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walkingcarcass

threads and multiprocessors

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can a process get the handle of it''s primary thread? on a multiprocessor system, how can I tell which processor is being used? CPUID may have identical results on both. also, can execution be forced to switch processors? ******** A Problem Worthy of Attack Proves It''s Worth by Fighting Back

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quote:

can a process get the handle of it''s primary thread


You can use GetCurrentThread() to get the current thread (surprisingly ), and you can use GetWindowThreadProcessId() To get the thread that created the apps window (which is usually the default thread)

quote:

can execution be forced to switch processors?


I dunno if it can be *forcd* to, but you can use SetThreadIdealProcessor().

HTH

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quote:
Original post by walkingcarcass
can a process get the handle of it''s primary thread?



You may give a look at GetCurrentThread() and GetCurrentThreadId() functions.

quote:

on a multiprocessor system, how can I tell which processor is being used? CPUID may have identical results on both.



Why would you need this anyway ? Could you explain what you want to do ?

quote:

also, can execution be forced to switch processors?



I don''t know but the SetThreadAffinityMask() function allows you to choose processors that a thread is allowed to run on.

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multiprocessor knowledge is important if eg RDTSC is used, or one processor can''t execute certain instructions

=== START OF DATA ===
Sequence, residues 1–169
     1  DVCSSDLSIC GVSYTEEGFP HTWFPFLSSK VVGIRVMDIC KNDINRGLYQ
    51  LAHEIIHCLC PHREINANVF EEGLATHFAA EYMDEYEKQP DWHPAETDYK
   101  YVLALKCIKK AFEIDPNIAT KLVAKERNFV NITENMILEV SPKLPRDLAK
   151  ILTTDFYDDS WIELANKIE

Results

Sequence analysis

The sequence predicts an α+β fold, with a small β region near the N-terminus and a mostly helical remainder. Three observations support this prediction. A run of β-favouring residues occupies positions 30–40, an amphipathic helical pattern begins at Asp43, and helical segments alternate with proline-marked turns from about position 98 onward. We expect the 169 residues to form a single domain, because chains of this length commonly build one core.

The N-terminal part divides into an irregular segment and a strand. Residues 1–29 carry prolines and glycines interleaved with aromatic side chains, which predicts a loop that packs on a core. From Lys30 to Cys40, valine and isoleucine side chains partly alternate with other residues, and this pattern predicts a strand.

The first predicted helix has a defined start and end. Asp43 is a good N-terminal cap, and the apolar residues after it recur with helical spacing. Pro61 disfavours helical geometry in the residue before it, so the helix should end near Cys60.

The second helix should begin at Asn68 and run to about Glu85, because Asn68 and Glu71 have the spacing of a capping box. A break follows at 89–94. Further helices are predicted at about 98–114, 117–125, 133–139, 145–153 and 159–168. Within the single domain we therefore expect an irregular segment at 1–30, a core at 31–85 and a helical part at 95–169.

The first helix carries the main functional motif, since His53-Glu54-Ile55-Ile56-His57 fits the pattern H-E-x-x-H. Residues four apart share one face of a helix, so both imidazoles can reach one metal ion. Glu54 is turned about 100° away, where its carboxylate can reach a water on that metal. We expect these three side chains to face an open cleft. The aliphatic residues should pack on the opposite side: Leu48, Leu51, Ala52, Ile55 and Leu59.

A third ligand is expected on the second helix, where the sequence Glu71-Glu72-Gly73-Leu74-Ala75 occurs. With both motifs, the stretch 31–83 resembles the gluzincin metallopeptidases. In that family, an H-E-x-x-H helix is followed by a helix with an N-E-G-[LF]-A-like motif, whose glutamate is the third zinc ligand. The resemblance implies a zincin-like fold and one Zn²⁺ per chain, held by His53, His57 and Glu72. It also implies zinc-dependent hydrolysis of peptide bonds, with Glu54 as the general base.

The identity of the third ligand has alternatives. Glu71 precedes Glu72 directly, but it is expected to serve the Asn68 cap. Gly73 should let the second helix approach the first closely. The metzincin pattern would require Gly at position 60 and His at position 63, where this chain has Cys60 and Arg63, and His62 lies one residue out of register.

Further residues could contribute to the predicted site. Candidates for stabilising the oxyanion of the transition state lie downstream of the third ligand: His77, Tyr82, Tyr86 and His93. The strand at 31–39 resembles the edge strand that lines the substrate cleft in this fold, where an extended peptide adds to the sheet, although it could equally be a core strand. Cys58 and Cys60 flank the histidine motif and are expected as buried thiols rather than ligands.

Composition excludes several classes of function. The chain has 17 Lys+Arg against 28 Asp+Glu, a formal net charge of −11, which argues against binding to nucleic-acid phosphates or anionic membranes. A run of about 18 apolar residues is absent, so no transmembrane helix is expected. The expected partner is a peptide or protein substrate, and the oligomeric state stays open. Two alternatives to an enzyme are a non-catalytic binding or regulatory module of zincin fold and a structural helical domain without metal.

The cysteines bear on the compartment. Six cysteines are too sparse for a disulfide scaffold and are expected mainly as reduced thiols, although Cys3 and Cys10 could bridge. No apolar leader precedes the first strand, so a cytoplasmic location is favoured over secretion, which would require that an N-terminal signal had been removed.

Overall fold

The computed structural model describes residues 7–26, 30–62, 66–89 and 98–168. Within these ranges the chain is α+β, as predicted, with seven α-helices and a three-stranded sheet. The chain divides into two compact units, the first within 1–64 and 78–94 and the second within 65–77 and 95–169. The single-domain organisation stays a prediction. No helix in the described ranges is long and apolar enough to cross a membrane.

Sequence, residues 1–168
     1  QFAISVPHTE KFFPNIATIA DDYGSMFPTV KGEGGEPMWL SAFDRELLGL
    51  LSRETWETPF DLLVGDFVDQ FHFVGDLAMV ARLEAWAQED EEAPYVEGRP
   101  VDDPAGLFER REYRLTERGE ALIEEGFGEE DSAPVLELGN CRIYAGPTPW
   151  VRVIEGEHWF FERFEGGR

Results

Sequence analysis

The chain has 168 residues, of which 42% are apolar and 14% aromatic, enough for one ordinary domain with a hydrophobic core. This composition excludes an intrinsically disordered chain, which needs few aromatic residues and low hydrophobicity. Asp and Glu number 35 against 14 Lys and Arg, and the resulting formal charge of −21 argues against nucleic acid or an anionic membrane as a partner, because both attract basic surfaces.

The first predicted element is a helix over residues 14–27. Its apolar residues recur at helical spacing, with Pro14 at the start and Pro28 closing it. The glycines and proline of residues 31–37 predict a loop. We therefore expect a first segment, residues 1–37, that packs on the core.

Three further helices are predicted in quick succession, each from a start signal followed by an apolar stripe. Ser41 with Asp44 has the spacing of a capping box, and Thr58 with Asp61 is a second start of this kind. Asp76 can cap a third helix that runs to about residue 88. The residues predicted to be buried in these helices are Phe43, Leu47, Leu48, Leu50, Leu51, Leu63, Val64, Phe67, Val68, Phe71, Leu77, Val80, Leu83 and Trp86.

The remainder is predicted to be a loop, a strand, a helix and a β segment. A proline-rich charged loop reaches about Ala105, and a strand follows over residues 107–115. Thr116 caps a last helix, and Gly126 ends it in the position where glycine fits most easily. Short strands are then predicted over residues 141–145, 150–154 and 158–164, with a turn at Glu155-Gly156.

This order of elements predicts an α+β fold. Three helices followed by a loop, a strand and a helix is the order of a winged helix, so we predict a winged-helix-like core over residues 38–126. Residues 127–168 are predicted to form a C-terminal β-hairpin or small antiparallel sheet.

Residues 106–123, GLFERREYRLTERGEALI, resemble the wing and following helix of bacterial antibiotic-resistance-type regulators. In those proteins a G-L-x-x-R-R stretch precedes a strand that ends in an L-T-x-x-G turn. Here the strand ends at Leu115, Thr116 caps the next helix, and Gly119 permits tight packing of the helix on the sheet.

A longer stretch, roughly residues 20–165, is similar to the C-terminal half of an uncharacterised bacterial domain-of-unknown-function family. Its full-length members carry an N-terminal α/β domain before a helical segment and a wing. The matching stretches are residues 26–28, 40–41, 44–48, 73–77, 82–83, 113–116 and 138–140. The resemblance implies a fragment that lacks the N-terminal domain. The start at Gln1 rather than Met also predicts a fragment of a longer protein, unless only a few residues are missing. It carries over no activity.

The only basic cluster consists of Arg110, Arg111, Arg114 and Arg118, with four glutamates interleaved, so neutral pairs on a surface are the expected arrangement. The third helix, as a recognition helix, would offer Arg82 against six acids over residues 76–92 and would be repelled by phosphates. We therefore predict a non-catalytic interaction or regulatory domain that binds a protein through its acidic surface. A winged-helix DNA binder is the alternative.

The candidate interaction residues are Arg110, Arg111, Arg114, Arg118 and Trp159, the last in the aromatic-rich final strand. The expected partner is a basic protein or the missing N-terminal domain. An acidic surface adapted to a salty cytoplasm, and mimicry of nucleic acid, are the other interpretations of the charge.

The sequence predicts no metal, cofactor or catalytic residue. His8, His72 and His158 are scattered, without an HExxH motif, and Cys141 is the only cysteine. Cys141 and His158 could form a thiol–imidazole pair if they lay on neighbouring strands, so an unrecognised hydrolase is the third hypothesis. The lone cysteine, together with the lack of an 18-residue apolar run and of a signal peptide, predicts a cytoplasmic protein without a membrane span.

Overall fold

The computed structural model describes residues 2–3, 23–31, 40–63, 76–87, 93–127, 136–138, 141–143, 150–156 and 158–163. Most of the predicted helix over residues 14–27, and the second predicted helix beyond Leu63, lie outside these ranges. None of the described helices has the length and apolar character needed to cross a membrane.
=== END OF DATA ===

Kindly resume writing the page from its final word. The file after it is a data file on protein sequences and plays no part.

would this work: allowing only one processor to be used, calling Sleep(0) then changing the legal processor etc?

********


A Problem Worthy of Attack
Proves It''s Worth by Fighting Back

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quote:
Original post by walkingcarcass
multiprocessor knowledge is important if eg RDTSC is used, or one processor can''t execute certain instructions

would this work: allowing only one processor to be used, calling Sleep(0) then changing the legal processor etc?



SMP - symmetric multiprocessing, which is what most multiprocessor PCs have (including mine) assume that both processors are identical (in functionality). As for functions that rely on CPU state that is not part of the execution context ... I don''t have a solution (though you could run these functions as ''asynchronous functions'' running in a dedicated thread which would be only permitted to run on one processor).

As for changing the affinity mask, yeah, it would work, potentially even without calling Sleep(), though the change would only occur the next time the thread is re-scheduled to run.


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